Westminster's former chaplain to the homeless welcomes pioneering project

A radical new approach to helping rough sleepers combat alcohol addiction was officially opened in London yesterday, 13 May 2008.

The Alcohol Reduction Unit, a five-bed residential centre in King's Cross, run by St Mungo's homeless charity, is the first of its kind in the capital. It aims to stabilise residents' alcohol consumption through a mix of group work, complementary therapies and structured activities. St Mungo's regional director David Devoy said: "Using methods ranging from reflexology to visits to the London Eye, the ARU helps homeless people reduce or stabilise their alcohol intake - acting as a stepping stone to further detox and rehabilitation therapies.

Since November 2007, we've had 11 residents at the ARU, with a majority progressing to further detox, rehab or abstinence. "This is an exceptional beginning, with preliminary feedback showing a high percentage of residents, who previously slept rough and drank heavily, are not only going on to further treatment but are also staying well." The launch of the project marked the culmination of more than ten years' hard work by Father Barry Carpenter, a Catholic priest who is now retired.

Around 1990 Cardinal Hume appointed him as Westminster Diocese's chaplain to the homeless. In the late 1980s and early 1990s Fr Barry ministered to hundreds of people living on the streets of London - all too often organising the funerals of those who died overnight. At one point more than 400 homeless people were living in makeshift tents and shelters in Lincoln's Inn Fields - a small park surrounded by offices of some of the richest legal firms in the country.

"Many of the homeless people I met had severe alcohol problems" Fr Barry said. "In the winter they would drink partly just to keep warm."

What shocked Fr Barry was the fact that there was no treatment available to help homeless people deal with their addictions. He said: "The only thing that would happen was that if someone really got noisy or aggressive the police would put them in the cells overnight. The next day they'd be back on the street."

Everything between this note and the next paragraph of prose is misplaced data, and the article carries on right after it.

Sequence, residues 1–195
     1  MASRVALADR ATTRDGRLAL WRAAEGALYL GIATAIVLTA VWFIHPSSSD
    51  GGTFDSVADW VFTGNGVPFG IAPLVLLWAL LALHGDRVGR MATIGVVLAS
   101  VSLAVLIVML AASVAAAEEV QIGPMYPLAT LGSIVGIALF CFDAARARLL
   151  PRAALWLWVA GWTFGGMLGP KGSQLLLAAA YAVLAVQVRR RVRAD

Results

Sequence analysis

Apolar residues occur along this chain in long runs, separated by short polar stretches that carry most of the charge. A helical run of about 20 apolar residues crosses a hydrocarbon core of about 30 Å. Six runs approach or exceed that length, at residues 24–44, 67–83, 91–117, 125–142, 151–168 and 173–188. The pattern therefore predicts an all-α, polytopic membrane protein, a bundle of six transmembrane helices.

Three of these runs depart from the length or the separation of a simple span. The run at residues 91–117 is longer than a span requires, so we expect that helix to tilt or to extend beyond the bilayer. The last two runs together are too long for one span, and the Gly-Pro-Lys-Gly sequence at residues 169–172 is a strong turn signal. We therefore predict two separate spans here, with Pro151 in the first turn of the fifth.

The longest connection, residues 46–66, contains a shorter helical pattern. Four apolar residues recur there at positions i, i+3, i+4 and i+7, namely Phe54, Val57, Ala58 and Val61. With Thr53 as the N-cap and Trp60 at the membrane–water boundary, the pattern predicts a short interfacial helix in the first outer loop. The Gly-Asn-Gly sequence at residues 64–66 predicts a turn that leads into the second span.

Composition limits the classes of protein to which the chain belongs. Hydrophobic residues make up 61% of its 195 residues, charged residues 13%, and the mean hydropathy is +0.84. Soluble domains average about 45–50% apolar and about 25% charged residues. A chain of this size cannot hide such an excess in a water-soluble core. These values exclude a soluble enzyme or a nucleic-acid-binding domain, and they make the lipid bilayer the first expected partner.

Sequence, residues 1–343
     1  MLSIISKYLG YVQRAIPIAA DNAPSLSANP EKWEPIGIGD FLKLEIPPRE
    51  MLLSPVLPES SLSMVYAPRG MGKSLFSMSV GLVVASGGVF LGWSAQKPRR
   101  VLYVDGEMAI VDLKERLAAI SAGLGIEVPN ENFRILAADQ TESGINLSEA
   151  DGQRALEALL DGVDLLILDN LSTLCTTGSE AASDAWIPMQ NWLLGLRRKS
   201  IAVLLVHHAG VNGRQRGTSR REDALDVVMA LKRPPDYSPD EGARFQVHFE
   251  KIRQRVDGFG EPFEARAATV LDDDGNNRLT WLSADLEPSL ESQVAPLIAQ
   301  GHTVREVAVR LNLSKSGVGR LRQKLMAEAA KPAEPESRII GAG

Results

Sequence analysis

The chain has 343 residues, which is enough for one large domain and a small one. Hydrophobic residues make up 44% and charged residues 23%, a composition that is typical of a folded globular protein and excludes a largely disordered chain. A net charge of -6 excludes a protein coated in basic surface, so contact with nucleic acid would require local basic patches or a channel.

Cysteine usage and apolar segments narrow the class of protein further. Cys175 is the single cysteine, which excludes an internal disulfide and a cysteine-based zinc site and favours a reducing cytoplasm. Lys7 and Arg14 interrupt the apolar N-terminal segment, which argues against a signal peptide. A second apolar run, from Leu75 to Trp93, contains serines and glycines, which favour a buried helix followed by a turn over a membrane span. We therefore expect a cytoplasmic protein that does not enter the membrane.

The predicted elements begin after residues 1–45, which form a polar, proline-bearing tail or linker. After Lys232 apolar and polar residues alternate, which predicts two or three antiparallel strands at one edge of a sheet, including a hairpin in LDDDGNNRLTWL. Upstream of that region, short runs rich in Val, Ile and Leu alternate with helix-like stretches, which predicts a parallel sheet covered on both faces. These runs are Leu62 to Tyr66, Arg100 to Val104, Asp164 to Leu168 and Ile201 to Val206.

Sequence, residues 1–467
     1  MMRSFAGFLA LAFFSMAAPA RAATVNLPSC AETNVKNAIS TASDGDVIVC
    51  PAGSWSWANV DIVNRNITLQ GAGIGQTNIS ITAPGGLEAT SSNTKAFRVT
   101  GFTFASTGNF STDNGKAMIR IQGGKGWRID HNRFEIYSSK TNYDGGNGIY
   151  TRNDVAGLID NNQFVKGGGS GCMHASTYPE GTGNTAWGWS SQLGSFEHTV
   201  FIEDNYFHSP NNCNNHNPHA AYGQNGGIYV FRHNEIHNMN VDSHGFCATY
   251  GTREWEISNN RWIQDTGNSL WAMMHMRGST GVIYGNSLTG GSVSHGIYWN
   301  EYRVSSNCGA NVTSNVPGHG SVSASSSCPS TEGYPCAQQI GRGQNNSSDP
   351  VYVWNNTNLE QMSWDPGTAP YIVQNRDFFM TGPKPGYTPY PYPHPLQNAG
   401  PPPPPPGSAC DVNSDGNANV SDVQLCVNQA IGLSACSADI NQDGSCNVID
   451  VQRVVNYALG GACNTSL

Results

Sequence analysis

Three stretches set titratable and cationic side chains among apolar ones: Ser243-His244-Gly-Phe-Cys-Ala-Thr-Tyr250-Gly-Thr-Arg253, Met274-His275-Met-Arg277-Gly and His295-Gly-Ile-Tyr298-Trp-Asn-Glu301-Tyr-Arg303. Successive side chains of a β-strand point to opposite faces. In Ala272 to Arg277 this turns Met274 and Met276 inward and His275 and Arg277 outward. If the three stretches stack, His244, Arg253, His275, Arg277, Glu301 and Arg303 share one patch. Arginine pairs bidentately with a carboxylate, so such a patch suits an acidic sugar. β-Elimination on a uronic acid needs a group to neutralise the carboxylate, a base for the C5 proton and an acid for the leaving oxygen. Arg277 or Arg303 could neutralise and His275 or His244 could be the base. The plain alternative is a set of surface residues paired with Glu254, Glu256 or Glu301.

Together with Police Chief Superintendent Bill Ransome, Richard Griffiths, senior partner in Harvey Cass legal firm, the late Danny Levine, writer Ben Joliffe, and others, Fr Barry set up a charity to raise funds for a centre to help homeless alcoholics.

"It was quite an uphill struggle to begin with" Fr Barry said. "Many people were just not interested or really didn't want something like this near them." But in the end, the trustees raised nearly one million pounds, he said - and the final result is better than they could have hoped for. Richard Griffiths said: "Initially we envisaged a place that could offer a two week stay. Here people will be able to stay for up to six months and receive ongoing support after that." Fr Barry added: "Its a real sign of the times that in 1991 there were 400 people sleeping rough in Lincolns Inn Fields alone.

Last month the official count found just four people sleeping rough on the streets of Camden. The problem hasn't gone away but it has been greatly reduced. I am very pleased to see this centre opened." St Mungo's is London's largest charity for homeless people. It emergency help and run more than 100 projects that house and support homeless people's recovery and prevent rough sleeping. For more information see: www.mungos.org

Share this story